Thursday, June 22, 2017 This Week's Paper

Robert Koch’s artistic revival

// Local painter returns to the arts with a bang

Local painter Robert Koch is something of an artistic Rip Van Winkle. From childhood through college he was steeped in the making of art. Eventually, however, his inner artist fell into a slumber as Koch became involved in the raising of a family and the forging of a career as a faculty member of Pierce College where he teaches intensive English. For 20 years Koch's inner artist slept until aroused to wakefulness again by his observing the work of his own artist daughters. Koch the artist is now a man on a mission with lost time to make up for. It is as if he has built up a great reservoir of inspiration, the dam has burst and now a great flood of art is pouring out of the man. A solo show of Koch's paintings, called “Robert Koch Snapshots: Accidental Compositions,” is currently running at Pierce College Fine Arts Gallery. They are scenes of ordinary people involved in the ordinary events of their ordinary lives: having birthday parties, telling stories over beer, sitting in classrooms or slumped on the furniture in their own homey surroundings. As a starting point for these scenes, Koch worked from snapshots of anonymous people. He found the snapshots in a shop in Portland.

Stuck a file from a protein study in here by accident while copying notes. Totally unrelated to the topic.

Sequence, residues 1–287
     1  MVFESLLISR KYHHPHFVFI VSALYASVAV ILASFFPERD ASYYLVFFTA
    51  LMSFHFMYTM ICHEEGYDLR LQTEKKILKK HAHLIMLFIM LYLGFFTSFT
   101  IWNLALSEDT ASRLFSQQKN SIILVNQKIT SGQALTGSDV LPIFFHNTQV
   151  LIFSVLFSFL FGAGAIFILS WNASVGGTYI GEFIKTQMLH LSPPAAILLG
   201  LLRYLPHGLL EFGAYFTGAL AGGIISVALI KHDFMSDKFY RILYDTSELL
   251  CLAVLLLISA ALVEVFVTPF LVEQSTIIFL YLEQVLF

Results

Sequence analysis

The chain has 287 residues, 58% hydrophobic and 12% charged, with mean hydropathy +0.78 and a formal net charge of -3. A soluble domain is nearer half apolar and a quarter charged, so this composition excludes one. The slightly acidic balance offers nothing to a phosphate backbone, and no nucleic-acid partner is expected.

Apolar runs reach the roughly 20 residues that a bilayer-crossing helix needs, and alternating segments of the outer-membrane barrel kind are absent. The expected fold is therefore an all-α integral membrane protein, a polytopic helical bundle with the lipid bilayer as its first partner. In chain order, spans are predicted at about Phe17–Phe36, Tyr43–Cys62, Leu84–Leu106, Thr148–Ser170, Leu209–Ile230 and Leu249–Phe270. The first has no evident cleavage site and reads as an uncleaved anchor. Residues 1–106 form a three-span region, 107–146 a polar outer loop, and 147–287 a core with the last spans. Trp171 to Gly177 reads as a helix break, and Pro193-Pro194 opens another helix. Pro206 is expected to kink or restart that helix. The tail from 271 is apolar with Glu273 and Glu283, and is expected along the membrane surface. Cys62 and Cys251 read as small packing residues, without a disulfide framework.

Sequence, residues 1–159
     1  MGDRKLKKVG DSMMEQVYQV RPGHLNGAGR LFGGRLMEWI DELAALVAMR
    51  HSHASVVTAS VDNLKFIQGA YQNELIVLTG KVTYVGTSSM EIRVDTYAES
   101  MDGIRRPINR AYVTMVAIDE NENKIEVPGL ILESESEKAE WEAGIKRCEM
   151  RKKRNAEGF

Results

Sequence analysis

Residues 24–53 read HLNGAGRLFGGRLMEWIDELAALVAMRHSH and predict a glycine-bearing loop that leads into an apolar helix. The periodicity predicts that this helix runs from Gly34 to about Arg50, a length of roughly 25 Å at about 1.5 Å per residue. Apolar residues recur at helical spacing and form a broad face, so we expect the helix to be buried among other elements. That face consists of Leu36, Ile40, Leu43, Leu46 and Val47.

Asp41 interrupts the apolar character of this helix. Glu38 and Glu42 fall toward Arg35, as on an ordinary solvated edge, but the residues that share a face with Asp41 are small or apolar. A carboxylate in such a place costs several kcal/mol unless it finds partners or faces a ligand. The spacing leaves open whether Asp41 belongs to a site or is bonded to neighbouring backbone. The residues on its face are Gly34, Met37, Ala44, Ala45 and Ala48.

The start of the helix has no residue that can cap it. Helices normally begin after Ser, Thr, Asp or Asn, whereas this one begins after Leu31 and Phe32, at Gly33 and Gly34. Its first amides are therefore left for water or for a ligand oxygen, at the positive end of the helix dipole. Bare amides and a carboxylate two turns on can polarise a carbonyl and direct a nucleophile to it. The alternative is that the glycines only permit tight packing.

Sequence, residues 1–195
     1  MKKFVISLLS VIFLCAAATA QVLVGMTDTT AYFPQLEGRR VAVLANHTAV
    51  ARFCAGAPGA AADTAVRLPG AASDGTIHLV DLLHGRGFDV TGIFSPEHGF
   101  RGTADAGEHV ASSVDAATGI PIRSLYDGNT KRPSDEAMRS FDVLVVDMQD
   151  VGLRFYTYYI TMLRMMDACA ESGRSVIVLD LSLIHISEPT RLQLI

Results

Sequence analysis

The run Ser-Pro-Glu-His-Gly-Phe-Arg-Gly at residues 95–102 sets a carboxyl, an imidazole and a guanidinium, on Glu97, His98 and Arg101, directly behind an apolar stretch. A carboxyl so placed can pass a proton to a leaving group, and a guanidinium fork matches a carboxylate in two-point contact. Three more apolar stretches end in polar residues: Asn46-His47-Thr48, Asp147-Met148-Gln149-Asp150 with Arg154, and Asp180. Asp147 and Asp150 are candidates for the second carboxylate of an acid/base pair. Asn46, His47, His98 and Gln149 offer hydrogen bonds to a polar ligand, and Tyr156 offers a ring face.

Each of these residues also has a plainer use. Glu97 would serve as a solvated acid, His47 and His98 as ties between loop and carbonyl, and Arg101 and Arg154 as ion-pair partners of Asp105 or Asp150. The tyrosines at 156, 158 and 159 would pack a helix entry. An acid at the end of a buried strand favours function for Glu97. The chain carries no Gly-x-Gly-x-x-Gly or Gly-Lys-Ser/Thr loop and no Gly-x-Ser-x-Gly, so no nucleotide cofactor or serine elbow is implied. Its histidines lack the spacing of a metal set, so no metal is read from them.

“In the shop,” he notes, “there is a big cardboard box of snapshots that people have thrown away. They are a penny each and I have always been amazed at how these obscure photos can have such interesting compositions.” Koch is able to translate these configurations of people, animals and furniture into fascinating compositions with a free and lively use of his media. Stylistically, they are like a melding of late Picasso and the line drawings of James Thurber. Koch's paints are energetically applied and blended and blurred. Crayon and pencil are often employed to define elements of a scene. Koch's fluid style applied to the structural configuration found in the snapshots is a brilliant juxtaposition that results in compelling and often humorous paintings. Like a musician, Koch is able to hit a whole range of tones within his own work. Some of the paintings, such as “What?,” have a soft and creamy quality. Others, like “On the Playground,” are meditatively murky. Even within a single composition the eye is drawn from one area to the next. In the enigmatically titled “Six Student Right,” for example, a wonderfully blended background of muted green sets off the quartet of dynamic figures in the foreground. The four friends are caught in the act of pausing for a moment to ham it up for the camera. The eye is drawn in turn to each of the figures as well as to that sumptuous green background. The show is full of such moments of visual delight. Koch is full of surprises, like the way that he depicts the central figure in “Time For Ice Cream.” A big yellow oval is smudged onto the canvas and the ice cream eater is sketched out within the yellow smudge as if he is the personification of ice cream itself. Now that he has rekindled his artistic life, let us hope the Koch keeps his brushes wet and his inspiration bright. “Robert Koch Snapshots: Accidental Compositions” runs through Dec. 14 at Pierce College Fine Arts Gallery which is located in the Olympic Building at Pierce College. For further information visit The artist’s work can be viewed at